From the moment we enter this world, we rely on others for guidance. Our parents look after us, teach us how to make decisions, and face challenges. In school, we look to our teachers to help us learn and define our futures. What happens when we leave those formal settings and set out for work in the real world?
We’re so accustomed to having a constant source of feedback, that it can be a shock to step into a professional setting where we’re on our own. Even though we may have graduated to the next step on our career path, we still need guidance.
For the first time in your life, you feel like you’re on your own.
Being new to a career is tough. If you feel like you can hardly keep your head above water, you aren’t alone. One study suggests that one third of new employees quit their jobs within the first six months. Even teachers, the very mentors we crave, have terrible retention rates–somewhere between 17 and 46 percent of them quit within the first five years.
This common thread of job dissatisfaction that runs across many fields is due to a lack of coaching and feedback. For many of us, taking a job is the first time that we don’t have someone guiding us. Suddenly there’s nobody to give us feedback, and the feedback that we do receive is mostly to tell us when we’ve done something incorrectly.
Why you should find a mentor to help your career progress.
Their expertise is invaluable.
Your mentor will have an understanding of the work that you do. They may be a few steps ahead of you on the corporate ladder, or they have worked the job longer. They are usually keenly aware of the internal workings of your place of employment.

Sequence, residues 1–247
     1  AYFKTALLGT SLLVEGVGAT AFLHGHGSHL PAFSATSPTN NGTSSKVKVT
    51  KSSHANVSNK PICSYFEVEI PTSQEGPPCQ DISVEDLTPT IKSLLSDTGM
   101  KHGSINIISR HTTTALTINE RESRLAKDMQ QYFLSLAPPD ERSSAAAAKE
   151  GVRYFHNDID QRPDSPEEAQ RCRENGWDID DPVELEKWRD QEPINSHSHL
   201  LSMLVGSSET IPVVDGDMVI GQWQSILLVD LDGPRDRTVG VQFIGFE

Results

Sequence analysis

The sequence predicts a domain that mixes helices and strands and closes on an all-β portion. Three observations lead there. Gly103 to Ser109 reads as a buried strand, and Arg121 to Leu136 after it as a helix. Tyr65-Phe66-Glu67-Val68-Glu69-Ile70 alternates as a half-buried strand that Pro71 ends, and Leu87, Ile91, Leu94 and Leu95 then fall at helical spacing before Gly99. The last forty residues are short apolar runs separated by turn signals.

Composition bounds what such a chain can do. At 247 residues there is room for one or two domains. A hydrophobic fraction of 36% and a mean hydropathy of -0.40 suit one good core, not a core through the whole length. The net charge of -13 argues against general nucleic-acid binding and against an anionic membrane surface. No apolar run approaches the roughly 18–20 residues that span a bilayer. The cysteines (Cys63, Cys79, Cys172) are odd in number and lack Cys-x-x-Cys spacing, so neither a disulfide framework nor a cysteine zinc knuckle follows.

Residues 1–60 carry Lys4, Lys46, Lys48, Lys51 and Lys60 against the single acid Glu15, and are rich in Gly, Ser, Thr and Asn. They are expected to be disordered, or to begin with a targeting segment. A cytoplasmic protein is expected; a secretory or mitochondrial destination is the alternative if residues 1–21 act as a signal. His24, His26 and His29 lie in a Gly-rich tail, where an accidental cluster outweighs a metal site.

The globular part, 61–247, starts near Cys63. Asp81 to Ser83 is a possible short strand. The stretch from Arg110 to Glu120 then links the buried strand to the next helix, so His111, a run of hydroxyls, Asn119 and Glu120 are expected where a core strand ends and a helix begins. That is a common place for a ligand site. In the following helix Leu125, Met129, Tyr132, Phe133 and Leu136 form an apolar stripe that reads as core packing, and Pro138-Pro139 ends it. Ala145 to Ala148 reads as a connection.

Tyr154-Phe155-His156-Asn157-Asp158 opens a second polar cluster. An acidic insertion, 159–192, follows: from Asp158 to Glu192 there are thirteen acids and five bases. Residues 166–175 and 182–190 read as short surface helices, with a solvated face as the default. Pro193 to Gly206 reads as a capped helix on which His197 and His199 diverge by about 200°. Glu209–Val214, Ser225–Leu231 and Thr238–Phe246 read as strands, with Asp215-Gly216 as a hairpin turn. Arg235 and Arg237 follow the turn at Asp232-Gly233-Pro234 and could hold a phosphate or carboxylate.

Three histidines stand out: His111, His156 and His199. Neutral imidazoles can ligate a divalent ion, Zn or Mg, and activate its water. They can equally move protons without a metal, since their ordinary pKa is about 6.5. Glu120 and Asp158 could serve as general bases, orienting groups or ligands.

A first year teacher would benefit from partnering with a veteran teacher. The veteran teacher knows how to maximize class time, but they also know the community and the nuances of the school’s culture.
Mentors can offer you guidance about the skills and knowledge you need to be successful.
Many of the struggles that arise for rookies come from differences in education and a lack of understanding about their organization. Mentors can offer guidance about development opportunities that you can take to shore up any weaknesses.
A new educator arrives at their first teaching job with a teaching degree, but they may be teaching in an environment that is different from the places where they learned and student-taught. A mentor might suggest that they take a multi-cultural education class or offer information about customs that are unique to that school’s community.
They can provide constructive feedback.
Your mentor will tell you when you’ve made a mistake, but they’ll also help you come up with strategies for improvement. Nobody likes to fail, but when we are taking risks and trying to move along in our career path, we are bound to make a few blunders. As long as we learn from our mistakes, they can be a valuable part of the learning process.
Perhaps you just gave your first presentation at work. Your leaders were not impressed with your talk. Your mentor noticed that you were fidgeting, using filler words, and mumbling throughout the talk. They may offer advice on how to exude confidence, and they may agree to go over your next presentation with you so that you don’t make the same mistakes twice.
They can see the big picture.
Since your mentor has been around for a while, they’ll have a broader perspective about the state of your organization or field. They’ve survived the upswings and downturns, and most of them are happy to keep others from making the same mistakes they made.
You’ve noticed that things are tense around the office. Your coworkers seem grumpy, and the stress is beginning to wear on you. Your mentor is the person who tells you what nobody else wants to talk about: a group of senior employees is going through a serious contract renegotiation. People are worried about keeping their jobs. Armed with this knowledge, you may be able to view your colleagues with compassion instead of disdain.